CASE CLOSED … what really happened in the 2001 anthrax attacks?

* copy-cat anthrax attacks linked to FBI failure to solve 2001 anthrax case

Posted by DXer on May 28, 2009

The Baltimore News reports (5-27-09) …

  • Maryland State Police are trying to find the person behind the first anthrax scare they’ve had to respond to in nearly a year.
  • The incident happened Wednesday at a set of Maryland District Court administrative offices in Annapolis in the 900 block of Commerce Road.
  • Police said an employee at the location opened an envelope just before 9 a.m. and “When the employee opened it up, a white powdery substance came out of the envelope.
  • Employees from the court administration office and two other companies were evacuated for nearly four hours until the Anne Arundel County Fire Department tested the substance and determined that it was baking powder.
  • However, the crime will still hold serious consequences. Betts said investigations into these types of incidents are time consuming and costly.

read the entire article at …

LMW COMMENT … I can’t help but believe that the FBI’s floundering incompetence in their failure to solve the original 2001 anthrax case has contributed to these dangerous and costly copy-cat attacks.

2 Responses to “* copy-cat anthrax attacks linked to FBI failure to solve 2001 anthrax case”

  1. DXer said

    There are only a few hoax letters that bear analysis relating to Amerithrax.

    For example, did the same person write the powder-containing hoax letters to Howard Troxler of the St. Petersburg paper, Judith Miller of the New York Times (author of Germs), and to NBC’s Tom Brokaw as wrote the letters containing anthrax spores? The three all received a letter postmarked October 5, 2001 from St. Petersburg. The Troxler letter read: “Howard Troxler .. 1st case of disease now blow away this dust so you see how the real thing flys. Oklahoma-Ryder Truck! Skyway bridge-18 wheels.” Judith Miller is the author of the pre-9/11 book Germs.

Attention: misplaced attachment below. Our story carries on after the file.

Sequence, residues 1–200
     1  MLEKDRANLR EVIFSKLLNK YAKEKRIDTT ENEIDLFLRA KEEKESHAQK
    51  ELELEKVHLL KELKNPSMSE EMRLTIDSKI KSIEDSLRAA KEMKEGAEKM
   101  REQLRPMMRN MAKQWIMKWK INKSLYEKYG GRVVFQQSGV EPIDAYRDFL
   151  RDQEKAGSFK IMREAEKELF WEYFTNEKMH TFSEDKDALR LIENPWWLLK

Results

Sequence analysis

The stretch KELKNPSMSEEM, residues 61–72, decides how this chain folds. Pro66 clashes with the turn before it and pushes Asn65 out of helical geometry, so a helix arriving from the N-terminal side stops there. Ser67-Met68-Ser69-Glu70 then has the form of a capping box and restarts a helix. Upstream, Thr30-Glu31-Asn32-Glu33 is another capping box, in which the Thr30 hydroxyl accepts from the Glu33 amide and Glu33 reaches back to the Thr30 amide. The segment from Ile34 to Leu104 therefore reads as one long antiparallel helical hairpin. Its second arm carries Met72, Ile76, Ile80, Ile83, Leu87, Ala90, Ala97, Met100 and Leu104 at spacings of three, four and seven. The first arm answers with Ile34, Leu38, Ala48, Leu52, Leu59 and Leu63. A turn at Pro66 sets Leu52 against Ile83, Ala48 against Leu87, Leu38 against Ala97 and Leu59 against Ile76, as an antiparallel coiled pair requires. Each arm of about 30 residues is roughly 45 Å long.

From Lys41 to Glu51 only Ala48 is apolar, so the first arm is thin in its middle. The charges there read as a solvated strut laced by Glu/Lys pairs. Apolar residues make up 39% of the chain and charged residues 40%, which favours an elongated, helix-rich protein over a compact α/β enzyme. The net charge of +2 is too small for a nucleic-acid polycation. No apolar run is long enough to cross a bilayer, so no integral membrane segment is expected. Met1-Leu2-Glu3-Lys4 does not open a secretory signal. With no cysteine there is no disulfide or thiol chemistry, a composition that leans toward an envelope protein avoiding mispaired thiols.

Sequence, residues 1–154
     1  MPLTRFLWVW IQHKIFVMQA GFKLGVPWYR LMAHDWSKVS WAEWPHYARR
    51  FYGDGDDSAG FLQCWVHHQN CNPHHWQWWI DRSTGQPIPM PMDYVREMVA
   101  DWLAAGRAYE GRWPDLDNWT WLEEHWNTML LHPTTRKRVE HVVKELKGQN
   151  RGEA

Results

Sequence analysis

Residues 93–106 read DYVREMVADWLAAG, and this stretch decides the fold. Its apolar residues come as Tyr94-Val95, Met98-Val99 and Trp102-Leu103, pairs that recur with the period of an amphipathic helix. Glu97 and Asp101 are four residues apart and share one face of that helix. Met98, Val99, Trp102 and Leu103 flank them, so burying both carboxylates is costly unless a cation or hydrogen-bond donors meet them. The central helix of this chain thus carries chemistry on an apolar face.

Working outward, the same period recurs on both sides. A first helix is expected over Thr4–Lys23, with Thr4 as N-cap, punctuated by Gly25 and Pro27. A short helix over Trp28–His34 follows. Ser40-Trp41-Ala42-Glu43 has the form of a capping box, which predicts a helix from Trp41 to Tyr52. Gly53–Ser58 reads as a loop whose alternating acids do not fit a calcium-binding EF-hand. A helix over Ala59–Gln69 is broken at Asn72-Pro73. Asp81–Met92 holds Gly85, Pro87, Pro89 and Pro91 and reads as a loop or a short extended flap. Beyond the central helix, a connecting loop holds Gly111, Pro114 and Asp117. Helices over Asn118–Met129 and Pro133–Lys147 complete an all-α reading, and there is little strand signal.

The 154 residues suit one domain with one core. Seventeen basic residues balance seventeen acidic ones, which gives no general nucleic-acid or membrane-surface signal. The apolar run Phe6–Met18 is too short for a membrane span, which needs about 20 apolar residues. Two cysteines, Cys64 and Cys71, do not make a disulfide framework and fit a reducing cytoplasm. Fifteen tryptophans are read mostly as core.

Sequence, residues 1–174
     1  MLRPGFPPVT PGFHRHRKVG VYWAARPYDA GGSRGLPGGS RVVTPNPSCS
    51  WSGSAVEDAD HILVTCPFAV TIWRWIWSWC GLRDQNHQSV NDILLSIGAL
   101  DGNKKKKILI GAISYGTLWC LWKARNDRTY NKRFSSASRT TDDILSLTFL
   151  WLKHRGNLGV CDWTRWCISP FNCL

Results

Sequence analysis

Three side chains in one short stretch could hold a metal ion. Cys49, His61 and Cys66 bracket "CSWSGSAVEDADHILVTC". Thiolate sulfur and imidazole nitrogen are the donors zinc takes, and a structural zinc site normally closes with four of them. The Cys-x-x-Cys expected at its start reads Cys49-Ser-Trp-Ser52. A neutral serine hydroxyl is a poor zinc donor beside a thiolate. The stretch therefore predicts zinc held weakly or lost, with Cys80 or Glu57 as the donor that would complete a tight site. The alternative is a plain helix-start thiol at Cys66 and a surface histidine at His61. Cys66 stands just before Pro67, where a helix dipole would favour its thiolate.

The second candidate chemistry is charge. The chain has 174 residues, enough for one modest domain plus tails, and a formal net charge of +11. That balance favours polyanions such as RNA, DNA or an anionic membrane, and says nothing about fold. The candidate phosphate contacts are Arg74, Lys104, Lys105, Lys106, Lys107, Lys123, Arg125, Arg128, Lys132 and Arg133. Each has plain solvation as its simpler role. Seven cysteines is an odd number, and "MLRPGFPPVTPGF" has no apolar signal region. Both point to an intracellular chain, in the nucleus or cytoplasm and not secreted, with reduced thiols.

A witness claims he saw Jafar the Pilot in Fall of 2003 catching a bite at Tampa subway. Tampa/St. Pete is where someone mailed hoax letters to journalists Troxler and Miller. Was the hoaxer upset at Troxler for coverage of local professor who was detained and at Judy Miller, who knows the neo-cons on a first name basis? The professor Troxler had written about had been a friend of KSM while at North Carolina.

    Another letter being closely considered is an anonymous letter sent to Quantico military police suggesting that Ayaad Assaad, an Egyptian at Ft. Detrick was a potential bioterrorist — even though he was Coptic Christian, rather than muslim. Under one view, the Assaad letter most likely an over-reported red herring and irrelevant to the correct Amerithrax analysis. Alternatively, it bears analysis because it may have been sent by the perpetrator to deflect suspicion. Dr. Assaad holds graduate degrees from Iowa State University and has lived in the United States since the mid-1970s. He is a Coptic Christian, a sect that has been attacked by militant islamists in Egypt. Dr. Assaad’s attorney found it probative that such a letter about Egyptian scientist would be written claiming to warn about a potential bioterrorist (before the anthrax letters were known to have been sent). Dr. Assaad has commented, “My theory is, whoever this person is knew in advance what was going to happen [and named me as a] scapegoat for this action. You do not need to be a Nobel laureate to put two and two together.”